Born in Serbia but often based in NYC, Boogie is a seasoned photograper with an acute eye. His work tends to focus on urban lifestyles and social tension. Through his lens images of gang initiation, drug abuse, poverty and isolation are imbued with a gracefulness and humanity. Sharp details and blurred edges combine to create an almost-tangible atmosphere for the viewer. Equal turns raw and refined, Boogie's work is undeniably captivating. That he's prolific is an added bonus. Boogie doesn't ask questions, he just shoots.
Main image: Ray's stepson playing with his eye cavity. Ray was a successful crack deal who later became an addict. He lost his eye in a street fight. Brooklyn, NY, 2004
First, how did you come to photography?
In a way I grew up surrounded by cameras, my dad was an amateur photographer, my grandfather, too. My dad always tried to get me interested, but I didn't really care. But then in 1993, when things fell apart in my country, I decided to start taking pictures. In a way it was to preserve my sanity. Serbia was under strict economic sanctions, there was hyperinflation, people were starving, couldn't afford food, there was no medicine, so I guess photography was my escape from that.
Does that escapism play into the work you're creating now?
Hard to explain. The actual process of taking pictures, walking around with the camera, spacing out, maybe that for me is the escapism part. But at the same time, I'm always trying to just shoot what I see, to be as realistic as possible.
Kingston, Jamaica, September 2011
Your work walks a beautiful, curious line between documentary and portraiture. It that boundary line important to the ideas you're communicating?
I don't really think when I shoot, I just do it. For me, photography is similar to martial arts, to fighting. If you practice certain move million times, when the time comes to use it, your body will just react. Same goes for photography. Thinking is the enemy. I don't have intellectual ideas about what I'm trying to communicate, I just follow my gut.
It sounds so instinctual. Have you always worked that way, or is it a system you've developed and refined over years of shooting?
Maybe both. I think it's part of who I am, but then of course, over the course of decades, if you work at something then your skills improve.
Do you consider the viewer when shooting?
No, I never think about it.
Bangkok, Thailand, June 2011
Most of your work focuses on the urban landscape and environment. Why? Do you handle the people in the urban environments differently than the things?
I love concrete. I'm a city kid, streets are where I feel at home, what I've always been around. Although I have different phases of shooting different things, different environments. From time to time I get obsessed with birds, flowers etc. About people: lately I'm not that much after them. Before I thought that you have to have a human being in the photo in order for it to be good. But now I catch myself waiting for people to leave the frame.
When you share your work, what images do you find that viewers gravitate more towards?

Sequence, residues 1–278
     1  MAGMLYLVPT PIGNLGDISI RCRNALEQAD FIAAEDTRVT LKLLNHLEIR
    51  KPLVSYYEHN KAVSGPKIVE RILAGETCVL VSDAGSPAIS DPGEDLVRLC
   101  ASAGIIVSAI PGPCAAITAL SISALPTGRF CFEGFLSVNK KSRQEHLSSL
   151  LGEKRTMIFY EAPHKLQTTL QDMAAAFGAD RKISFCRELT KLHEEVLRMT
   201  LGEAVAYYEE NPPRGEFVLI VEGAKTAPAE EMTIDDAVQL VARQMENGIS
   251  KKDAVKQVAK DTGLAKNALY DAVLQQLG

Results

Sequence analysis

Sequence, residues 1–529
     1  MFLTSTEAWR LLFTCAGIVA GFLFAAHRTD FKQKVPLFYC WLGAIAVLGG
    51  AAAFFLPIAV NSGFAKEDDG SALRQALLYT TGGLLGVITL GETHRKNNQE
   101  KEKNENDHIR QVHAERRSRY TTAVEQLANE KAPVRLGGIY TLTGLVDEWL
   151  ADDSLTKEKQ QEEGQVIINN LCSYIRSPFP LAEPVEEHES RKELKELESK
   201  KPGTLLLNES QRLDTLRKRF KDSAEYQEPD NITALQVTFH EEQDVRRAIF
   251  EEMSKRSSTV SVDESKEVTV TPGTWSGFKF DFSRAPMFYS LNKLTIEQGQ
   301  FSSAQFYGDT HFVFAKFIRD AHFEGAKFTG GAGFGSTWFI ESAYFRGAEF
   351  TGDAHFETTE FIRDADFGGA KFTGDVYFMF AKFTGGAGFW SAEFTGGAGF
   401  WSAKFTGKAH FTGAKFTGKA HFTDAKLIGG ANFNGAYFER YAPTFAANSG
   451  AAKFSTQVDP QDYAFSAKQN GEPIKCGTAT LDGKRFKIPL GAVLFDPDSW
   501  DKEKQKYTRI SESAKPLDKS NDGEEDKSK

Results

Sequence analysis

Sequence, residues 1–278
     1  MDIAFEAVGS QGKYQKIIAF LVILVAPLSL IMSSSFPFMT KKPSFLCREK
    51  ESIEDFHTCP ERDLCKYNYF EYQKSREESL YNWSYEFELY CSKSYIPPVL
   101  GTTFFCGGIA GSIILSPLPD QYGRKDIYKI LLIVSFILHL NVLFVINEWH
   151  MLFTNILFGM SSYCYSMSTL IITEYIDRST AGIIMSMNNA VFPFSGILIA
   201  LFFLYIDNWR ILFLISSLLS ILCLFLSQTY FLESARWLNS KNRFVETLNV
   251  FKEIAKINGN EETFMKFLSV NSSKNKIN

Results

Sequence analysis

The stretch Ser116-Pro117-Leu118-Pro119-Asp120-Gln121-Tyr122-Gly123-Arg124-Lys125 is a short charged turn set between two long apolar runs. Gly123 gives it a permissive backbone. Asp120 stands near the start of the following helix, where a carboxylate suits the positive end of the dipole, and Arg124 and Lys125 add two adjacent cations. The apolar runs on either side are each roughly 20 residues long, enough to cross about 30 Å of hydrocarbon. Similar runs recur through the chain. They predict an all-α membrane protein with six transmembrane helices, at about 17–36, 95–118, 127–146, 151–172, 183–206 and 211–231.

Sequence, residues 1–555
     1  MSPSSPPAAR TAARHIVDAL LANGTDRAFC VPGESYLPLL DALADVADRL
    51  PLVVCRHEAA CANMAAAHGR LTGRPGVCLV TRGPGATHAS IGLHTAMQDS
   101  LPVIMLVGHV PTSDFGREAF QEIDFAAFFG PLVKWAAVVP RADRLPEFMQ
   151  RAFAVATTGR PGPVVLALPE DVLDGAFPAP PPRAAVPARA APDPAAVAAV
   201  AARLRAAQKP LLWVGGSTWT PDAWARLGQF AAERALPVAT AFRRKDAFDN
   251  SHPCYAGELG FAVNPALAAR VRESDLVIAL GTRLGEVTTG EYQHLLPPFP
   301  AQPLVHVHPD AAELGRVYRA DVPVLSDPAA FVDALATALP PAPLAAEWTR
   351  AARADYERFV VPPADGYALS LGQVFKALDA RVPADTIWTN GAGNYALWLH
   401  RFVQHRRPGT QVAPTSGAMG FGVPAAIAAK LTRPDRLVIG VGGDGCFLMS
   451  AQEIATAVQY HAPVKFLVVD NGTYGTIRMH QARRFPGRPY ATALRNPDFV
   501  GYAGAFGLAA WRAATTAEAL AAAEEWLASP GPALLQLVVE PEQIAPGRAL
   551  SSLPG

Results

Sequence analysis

I think people gravitate more toward rough images, more shocking, whether they have people in them or not. People are drawn to things and situations that they don't encounter in their daily life. But I don't think about that, somehow those situations just come up.
Sonia waiting for a crack delivery, Brooklyn, NY, 2005
Some of your pictures have really shocking, disturbing subject matter, but it's still relatively simple for a viewer to experience those. What's going through your head as you're recording those moments, behind the lens but so close to tragedy?
When I'm shooting some emotionally heavy situations, I automatically detach myself somehow. At that moment I don't think I feel anything, but it always comes to me later. Sometimes it can hit you years later. Everyone will tell you there are lines that are not supposed to be crossed, but those lines can easily get blurred, and the deeper you go, the more interesting it gets, and the better pictures you take.
What are the implications of black and white film versus color? Which do you prefer?
I'm always switching back and forth, but I think I still prefer black and white. I also think it's much easier to nail a good shot in black and white film. You have one less element to think about, sometimes color is just too much information, the point can be lost.
Istanbul, Turkey, 2007
What's your favorite camera to shoot with?
It's not about the camera, I've used everything from Holga to Leica, every camera serves a different purpose. In the hands of a ninja everything becomes a deadly weapon.
Are you working on anything now that you're really excited about?
I'm building an 11x14 inch wet plate camera, and plan to continue my DEMONS portrait series.
from the DEMONS series, created with the wet plate collodion process, 2011
An obvious question, what's the main challenge you face with photography and as a photographer? What are the best and worst aspects?
I think the main challenge is staying inspired. Inspiration is the key, great shots are everywhere, you just have to see them. I've been inspired like crazy lately. I love what I do and can't imagine doing anything else in life. I really can't think of any bad aspects of being a photographer.
Check out more of Boogie's work here, and feel free to share your thoughts, impressions and questions below.